The color of my eyes is a heritage from my father. My mother’s eyes were lighter, a sapphire blue, picture perfect with her golden hair. My hair would be dark blond if I left it natural. I have darkened it, though, ever since I came back to the East Coast sixteen years ago to attend the Fashion Institute of Technology in Manhattan. I am also taller than my mother was by five inches. Yet, as I grow older, I believe I am beginning to resemble my mother in many ways, and I try to distance myself from that resemblance. I have always lived in dread of someone saying to me, “You look familiar . . . ” At the time, my mother’s image was splashed all over the media, and still turns up periodically in stories that rehash the circumstances of her death. So if anyone says I look familiar, I know it’s her they have in mind. I, Celia Foster Nolan, formerly Liza Barton, the child the tabloids dubbed “Little Lizzie Borden,” am far less likely to be recognized as that chubby-faced little girl with golden curls who was acquitted—not exonerated—of deliberately killing her mother and trying to kill her stepfather.

  My second husband, Alex Nolan, and I have been married for six months. Today I thought we were going to take my four-year-old son, Jack, to see a horse show in Peapack, an upscale town in northern New Jersey, when suddenly Alex detoured to Mendham, a neighboring town. It was only then that he told me he had a wonderful surprise for my birthday and drove down the road to this house. Alex parked the car, and we went inside.

  Jack is tugging at my hand, but I remain frozen to the spot. Energetic, as most four-year-olds are, he wants to explore. I let him go, and in a flash he is out of the room and running down the hall.

  Alex is standing a little behind me. Without looking at him, I can feel his anxiety. He believes he has found a beautiful home for us to live in, and his generosity is such that the deed is solely in my name, his birthday gift to me. “I’ll catch up with Jack, honey,” he reassures me. “You look around and start figuring how you’ll decorate.”

  As he leaves the room, I hear him call, “Don’t go downstairs, Jack. We haven’t finished showing Mommy her new house.”

  “Your husband tells me that you’re an interior designer,” Henry Paley, the real estate agent, is saying. “This house has been very well kept up, but, of course, every woman, especially one in your profession, wants to put her own signature on her home.”

  Not yet trusting myself to speak, I look at him. Paley is a small man of about sixty, with thinning gray hair, and neatly dressed in a dark blue pinstriped suit. I realize he is waiting expectantly for me to show enthusiasm for the wonderful birthday gift my husband has just presented to me.

  “As your husband may have told you, I was not the selling agent,” Paley explains. “My boss, Georgette Grove, was showing your husband various properties nearby when he spotted the FOR SALE sign on the lawn. He apparently fell in love with it immediately. The house is quite simply an architectural treasure, and it’s situated on ten acres in the premier location in a premier town.”

  I know it is a treasure. My father was t
he architect who restored a crumbling eighteenth-century mansion, turning it into this charming and spacious home. I look past Paley and study the fireplace. Mother and Daddy found the mantel in France, in a château about to be demolished. Daddy told me the meanings of all the sculptured work on it, the cherubs and the pineapples and the grapes . . .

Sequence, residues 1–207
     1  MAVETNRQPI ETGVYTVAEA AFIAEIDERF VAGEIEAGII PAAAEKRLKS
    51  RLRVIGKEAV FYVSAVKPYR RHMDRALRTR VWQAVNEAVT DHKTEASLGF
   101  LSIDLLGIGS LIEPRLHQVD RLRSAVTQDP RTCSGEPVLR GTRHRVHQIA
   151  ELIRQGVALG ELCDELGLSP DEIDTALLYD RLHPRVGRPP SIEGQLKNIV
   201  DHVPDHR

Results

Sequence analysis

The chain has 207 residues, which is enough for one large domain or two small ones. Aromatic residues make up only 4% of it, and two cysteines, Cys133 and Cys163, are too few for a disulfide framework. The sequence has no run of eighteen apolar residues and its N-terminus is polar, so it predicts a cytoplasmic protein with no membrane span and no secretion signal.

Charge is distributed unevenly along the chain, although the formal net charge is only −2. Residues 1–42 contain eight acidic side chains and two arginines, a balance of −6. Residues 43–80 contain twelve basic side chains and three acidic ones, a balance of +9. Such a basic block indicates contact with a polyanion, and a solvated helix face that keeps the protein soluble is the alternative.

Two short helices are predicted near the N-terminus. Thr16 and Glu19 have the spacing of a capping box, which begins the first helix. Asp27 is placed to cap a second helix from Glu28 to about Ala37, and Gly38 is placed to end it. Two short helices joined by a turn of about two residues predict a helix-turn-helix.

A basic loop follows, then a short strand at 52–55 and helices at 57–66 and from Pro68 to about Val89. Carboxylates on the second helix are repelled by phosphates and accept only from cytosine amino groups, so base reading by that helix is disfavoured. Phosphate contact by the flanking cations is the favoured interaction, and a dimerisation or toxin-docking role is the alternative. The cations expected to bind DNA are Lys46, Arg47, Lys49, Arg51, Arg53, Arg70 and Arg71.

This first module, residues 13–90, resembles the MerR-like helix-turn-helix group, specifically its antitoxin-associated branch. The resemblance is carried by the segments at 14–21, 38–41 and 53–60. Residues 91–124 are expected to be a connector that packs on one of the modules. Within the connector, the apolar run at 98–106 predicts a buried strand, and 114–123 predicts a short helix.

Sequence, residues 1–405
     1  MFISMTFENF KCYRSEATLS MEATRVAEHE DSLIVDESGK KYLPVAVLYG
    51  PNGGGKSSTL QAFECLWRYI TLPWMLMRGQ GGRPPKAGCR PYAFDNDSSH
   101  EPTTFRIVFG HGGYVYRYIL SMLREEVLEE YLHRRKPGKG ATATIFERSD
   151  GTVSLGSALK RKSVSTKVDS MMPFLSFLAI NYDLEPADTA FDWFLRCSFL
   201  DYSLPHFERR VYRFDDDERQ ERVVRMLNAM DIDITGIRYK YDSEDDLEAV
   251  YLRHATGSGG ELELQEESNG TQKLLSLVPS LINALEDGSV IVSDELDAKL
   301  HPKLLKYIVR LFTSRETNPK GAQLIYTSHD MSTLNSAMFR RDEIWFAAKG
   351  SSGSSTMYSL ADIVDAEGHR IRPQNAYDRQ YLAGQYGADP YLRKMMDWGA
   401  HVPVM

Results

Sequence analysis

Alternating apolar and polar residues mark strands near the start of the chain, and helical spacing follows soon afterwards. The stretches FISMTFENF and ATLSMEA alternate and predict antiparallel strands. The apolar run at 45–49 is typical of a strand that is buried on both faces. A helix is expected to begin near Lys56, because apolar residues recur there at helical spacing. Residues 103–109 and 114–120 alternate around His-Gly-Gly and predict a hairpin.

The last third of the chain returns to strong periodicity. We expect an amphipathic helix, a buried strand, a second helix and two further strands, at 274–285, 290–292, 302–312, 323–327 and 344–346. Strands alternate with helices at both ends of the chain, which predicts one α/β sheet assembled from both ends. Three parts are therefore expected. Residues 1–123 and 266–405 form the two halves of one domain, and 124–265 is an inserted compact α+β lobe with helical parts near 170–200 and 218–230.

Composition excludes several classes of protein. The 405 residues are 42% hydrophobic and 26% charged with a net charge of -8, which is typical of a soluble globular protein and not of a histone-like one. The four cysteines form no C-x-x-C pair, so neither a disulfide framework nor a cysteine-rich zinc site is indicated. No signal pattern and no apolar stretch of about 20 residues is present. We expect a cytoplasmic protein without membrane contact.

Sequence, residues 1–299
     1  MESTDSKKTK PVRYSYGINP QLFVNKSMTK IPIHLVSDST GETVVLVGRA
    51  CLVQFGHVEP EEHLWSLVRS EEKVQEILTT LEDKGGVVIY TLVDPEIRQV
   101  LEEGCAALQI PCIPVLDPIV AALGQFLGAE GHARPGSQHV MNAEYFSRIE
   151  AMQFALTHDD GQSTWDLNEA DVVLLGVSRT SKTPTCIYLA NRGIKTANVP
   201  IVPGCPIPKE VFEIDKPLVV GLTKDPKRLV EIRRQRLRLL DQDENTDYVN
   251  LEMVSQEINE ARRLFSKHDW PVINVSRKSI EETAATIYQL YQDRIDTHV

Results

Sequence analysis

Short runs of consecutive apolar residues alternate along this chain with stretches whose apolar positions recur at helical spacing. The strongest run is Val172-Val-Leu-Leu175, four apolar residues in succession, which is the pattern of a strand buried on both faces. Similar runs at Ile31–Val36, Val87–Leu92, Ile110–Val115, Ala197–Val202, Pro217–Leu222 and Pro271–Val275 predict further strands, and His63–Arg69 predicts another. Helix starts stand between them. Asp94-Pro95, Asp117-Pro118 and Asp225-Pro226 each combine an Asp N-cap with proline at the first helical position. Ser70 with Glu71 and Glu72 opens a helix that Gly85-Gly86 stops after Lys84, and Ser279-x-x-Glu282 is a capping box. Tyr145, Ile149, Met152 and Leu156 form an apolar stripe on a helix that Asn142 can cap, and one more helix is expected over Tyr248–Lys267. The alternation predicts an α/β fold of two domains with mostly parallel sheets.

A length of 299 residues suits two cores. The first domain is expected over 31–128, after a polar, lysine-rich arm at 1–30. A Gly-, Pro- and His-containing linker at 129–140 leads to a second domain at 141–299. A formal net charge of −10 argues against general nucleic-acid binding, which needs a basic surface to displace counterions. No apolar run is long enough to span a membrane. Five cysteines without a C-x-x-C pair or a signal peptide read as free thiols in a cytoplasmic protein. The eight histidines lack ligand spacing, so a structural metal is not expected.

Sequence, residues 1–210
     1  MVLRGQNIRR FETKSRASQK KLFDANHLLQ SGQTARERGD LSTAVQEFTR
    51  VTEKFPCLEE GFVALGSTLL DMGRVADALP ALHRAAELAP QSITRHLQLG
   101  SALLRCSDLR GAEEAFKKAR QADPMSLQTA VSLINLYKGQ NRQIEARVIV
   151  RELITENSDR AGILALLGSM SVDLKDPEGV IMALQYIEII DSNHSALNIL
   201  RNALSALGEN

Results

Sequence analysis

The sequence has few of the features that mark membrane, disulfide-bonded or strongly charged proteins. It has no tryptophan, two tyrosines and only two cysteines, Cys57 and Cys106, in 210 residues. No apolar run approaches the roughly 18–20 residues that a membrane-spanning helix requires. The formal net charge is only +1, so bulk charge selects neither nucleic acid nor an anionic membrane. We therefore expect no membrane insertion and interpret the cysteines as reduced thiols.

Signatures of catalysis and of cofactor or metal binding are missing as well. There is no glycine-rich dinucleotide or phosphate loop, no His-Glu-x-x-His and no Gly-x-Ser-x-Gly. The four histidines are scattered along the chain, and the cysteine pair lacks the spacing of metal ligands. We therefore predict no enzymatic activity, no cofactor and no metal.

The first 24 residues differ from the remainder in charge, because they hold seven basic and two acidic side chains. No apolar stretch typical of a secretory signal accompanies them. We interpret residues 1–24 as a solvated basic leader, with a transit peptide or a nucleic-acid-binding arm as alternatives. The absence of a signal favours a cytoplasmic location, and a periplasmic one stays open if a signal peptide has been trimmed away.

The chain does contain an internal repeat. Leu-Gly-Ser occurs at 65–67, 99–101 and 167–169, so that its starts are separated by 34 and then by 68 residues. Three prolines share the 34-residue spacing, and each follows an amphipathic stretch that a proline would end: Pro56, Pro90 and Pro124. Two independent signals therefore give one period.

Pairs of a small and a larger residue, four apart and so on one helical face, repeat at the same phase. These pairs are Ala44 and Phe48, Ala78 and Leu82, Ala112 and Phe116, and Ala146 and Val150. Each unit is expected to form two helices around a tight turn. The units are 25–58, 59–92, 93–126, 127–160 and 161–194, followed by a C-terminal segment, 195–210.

Ted pinning Mother against the wall . . .

  Mother sobbing . . .

  I am pointing the gun at him. Daddy’s gun . . .

  Let go of my mother . . .

  Sure . . .

  Ted spinning Mother around and shoving her at me . . .

  Mother’s terrified eyes looking at me . . .

  The gun going off . . .

  Lizzie Borden had an axe . . .

  “Are you all right, Mrs. Nolan?” Henry Paley is asking me.

  “Yes, of course,” I manage, with some effort. My tongue feels too heavy to mouth the words. My mind is racing with the thought that I should not have let Larry, my first husband, make me swear that I wouldn’t tell the truth about myself to anyone, not even to someone I married. In this moment I am fiercely angry at Larry for wringing that promise from me. He had been so kind when I told him about myself before our marriage, but in the end he failed me. He was ashamed of my past, afraid of the impact it might have on our son’s future. That fear has brought us here, now.

  Already the lie is a wedge driven between Alex and me. We both feel it. He talks about wanting to have children soon, and I wonder how he would feel if he knew that Little Lizzie Borden would be their mother.

  It’s been twenty-four years, but such memories die hard. Will anyone in town recognize me? I wonder. Probably not. But though I agreed to live in this area, I did not agree to live in this town, or in this house. I can’t live here. I simply can’t.

  To avoid the curiosity in Paley’s eyes, I walk over to the mantel and pretend to study it.

  “Beautiful, isn’t it?” Paley asks, the professional enthusiasm of the real estate agent ringing through his somewhat high-pitched voice.

  “Yes, it is.”

  “The master bedroom is very large, and has two separate, wonderfully appointed baths.” He opens the door to the bedroom and looks expectantly at me. Reluctantly, I follow him.